Study shows why teenagers are off the pace

Published: 14 August 2015 at 09:31

Dr Dan Gordon

New Anglia Ruskin research finds that young athletes are unable to regulate effort

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New research shows that young sportsmen and women will always have difficulty competing with elite adults in events such as swimming and endurance athletics, regardless of how talented they are, because they are unable to pace themselves.

Academics from Anglia Ruskin University carried out the new study, published in the Open Access Journal of Sports Medicine, which found that teenage swimmers are unable to regulate their effort.

The research involved 15 teenage swimmers, from a club in King’s Lynn, who all swim around 30,000m every week and are members of a regional training group.

The swimmers took part in 7×200m incremental step tests in a 25m pool. Based on their personal best times, they were set times for each of the seven 200m splits, gradually increasing in speed.

The teenagers began by swimming faster than their set time (by an average of 5.6 seconds), but then fell behind towards the end of the trial, swimming an average of 4.6 seconds slower by the seventh stage.

And they didn’t learn from the first trial, with the differences between predicted times and recorded times increasing during the second 7×200m trial.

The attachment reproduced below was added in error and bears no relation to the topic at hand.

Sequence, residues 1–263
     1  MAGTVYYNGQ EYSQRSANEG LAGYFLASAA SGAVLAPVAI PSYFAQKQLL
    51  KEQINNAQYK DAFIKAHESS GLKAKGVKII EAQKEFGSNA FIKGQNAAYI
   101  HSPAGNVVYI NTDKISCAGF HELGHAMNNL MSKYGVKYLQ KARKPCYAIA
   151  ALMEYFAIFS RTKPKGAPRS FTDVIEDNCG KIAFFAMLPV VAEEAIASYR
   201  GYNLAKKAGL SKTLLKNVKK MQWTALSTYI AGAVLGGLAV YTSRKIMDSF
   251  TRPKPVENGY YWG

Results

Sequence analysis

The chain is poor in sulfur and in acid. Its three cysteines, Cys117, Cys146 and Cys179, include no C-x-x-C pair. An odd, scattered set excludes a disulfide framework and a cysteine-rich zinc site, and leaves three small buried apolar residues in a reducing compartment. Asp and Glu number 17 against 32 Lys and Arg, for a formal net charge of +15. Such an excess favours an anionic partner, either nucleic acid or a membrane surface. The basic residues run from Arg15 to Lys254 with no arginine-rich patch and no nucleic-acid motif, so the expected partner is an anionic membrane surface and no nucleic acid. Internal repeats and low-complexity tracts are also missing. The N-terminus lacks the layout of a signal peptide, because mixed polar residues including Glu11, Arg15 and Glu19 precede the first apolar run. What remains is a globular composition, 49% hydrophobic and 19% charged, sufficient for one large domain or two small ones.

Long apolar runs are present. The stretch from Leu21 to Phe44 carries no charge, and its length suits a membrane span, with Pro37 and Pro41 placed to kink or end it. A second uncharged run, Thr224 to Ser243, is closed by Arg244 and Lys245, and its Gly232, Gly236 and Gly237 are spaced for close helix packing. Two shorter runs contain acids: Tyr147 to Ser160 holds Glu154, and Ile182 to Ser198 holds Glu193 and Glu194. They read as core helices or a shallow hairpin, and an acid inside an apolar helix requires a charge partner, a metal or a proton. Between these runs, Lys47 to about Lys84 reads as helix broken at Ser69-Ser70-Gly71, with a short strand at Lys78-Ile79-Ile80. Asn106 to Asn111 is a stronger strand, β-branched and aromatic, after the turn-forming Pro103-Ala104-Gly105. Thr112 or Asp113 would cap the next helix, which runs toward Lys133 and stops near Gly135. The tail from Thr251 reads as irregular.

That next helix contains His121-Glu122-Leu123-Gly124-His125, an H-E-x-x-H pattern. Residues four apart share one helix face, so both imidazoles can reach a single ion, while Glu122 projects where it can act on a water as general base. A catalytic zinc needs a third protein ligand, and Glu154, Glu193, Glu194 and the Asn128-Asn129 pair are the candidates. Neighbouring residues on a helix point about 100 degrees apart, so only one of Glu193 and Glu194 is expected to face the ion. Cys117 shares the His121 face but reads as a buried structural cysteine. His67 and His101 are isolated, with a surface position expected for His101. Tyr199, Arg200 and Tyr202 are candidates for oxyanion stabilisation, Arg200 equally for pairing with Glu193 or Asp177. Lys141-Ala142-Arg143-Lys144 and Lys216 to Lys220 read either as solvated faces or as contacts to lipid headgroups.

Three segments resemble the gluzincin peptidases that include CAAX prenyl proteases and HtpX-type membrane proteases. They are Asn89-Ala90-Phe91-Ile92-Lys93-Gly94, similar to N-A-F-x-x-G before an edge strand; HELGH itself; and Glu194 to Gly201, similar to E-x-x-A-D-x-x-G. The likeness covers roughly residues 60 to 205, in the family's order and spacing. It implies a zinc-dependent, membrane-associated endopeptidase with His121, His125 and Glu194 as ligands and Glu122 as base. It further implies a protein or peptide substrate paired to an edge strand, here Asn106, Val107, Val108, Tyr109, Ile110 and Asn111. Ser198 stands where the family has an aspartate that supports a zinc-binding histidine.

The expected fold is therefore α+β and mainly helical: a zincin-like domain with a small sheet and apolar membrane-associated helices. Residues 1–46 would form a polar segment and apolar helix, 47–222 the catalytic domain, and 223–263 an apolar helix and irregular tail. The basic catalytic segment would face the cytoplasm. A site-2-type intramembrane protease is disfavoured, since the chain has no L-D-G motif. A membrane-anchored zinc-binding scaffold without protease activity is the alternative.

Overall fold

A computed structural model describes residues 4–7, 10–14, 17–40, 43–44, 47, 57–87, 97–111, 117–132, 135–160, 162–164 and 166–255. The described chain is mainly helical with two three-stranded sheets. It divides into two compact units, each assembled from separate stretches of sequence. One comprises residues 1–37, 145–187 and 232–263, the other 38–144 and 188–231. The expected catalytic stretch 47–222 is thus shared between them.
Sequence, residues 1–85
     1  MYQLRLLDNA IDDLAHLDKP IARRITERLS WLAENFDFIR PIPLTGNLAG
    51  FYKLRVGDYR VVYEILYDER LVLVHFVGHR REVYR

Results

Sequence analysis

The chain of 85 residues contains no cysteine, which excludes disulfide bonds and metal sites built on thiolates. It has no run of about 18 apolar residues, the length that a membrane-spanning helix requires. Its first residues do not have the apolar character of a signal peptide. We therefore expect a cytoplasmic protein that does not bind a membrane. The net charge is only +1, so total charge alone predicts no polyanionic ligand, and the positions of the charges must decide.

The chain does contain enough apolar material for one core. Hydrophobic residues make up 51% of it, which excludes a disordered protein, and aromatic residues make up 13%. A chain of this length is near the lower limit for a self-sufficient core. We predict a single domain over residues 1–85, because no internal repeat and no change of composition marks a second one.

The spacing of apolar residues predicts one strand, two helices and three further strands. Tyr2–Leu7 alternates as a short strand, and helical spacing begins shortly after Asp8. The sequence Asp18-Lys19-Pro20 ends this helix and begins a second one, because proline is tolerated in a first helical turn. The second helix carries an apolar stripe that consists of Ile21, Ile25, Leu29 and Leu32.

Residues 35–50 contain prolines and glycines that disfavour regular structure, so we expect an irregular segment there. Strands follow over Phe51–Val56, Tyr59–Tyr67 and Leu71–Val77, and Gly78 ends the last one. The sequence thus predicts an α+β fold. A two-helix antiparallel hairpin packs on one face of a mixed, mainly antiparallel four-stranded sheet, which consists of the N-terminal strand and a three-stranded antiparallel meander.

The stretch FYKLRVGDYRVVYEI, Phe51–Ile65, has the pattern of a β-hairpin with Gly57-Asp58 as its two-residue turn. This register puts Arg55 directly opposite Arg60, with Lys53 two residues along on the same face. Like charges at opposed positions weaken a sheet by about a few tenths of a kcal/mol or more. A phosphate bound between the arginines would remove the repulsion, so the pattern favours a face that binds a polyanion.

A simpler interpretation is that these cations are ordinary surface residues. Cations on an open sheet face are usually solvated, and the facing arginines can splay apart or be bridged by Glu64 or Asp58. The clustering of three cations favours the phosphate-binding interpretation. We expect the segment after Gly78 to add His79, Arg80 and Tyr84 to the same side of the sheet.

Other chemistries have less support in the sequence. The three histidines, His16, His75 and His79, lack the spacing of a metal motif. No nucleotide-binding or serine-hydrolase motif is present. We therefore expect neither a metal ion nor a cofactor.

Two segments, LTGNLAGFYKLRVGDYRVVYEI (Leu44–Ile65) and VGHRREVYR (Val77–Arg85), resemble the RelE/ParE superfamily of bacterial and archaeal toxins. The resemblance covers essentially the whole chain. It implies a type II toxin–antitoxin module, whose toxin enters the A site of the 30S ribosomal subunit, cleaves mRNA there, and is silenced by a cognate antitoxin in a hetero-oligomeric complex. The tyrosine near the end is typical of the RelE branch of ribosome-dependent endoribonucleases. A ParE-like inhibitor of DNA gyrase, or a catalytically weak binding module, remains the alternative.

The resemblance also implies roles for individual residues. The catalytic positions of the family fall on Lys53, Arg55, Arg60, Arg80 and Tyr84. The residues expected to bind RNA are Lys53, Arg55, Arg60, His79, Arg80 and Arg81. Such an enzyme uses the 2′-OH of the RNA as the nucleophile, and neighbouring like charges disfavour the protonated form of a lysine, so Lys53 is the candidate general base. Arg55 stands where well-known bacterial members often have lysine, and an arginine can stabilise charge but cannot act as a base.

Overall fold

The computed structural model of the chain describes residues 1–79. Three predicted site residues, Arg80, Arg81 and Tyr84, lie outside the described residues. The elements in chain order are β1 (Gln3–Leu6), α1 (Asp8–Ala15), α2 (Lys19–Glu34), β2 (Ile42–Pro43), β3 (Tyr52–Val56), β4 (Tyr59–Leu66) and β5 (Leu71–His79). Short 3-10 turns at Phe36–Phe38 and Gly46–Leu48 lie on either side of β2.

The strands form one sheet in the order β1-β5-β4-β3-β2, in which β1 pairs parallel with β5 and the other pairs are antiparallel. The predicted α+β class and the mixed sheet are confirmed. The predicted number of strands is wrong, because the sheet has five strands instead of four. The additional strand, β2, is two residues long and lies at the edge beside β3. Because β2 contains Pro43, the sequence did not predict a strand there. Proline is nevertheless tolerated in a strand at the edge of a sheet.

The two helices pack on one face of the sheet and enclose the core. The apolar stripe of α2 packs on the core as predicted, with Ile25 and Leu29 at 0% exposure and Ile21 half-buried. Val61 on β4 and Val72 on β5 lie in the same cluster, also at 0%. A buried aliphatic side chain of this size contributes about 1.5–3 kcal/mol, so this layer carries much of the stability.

Dr Dan Gordon, Principal Lecturer in Sports Science at Anglia Ruskin University, said:

“Our study shows that even a group of well-trained and relatively experienced teenage swimmers were unable to regulate their effort and therefore couldn’t pace themselves correctly.

“The participants worked too hard and swam faster than their predicted pace during the initial stages, and then swam too slowly as a consequence of reaching anaerobic capacity too early.

“This is because pacing cannot be taught and is instead based on someone’s cognitive development and their own experience, such as repeated exposure to the sensations of pain and fatigue associated with that exercise.

“For example, an elite 5,000m runner such as Mo Farah will have covered that distance thousands of times either in training or in competition, and so he knows exactly how he should be feeling on each lap.

“Therefore alternative methods should be used to assist young athletes with their training. Coaches could use techniques such as audible signals, such as those used in ‘bleep tests’, or install underwater pacing lights to help swimmers with their pacing.”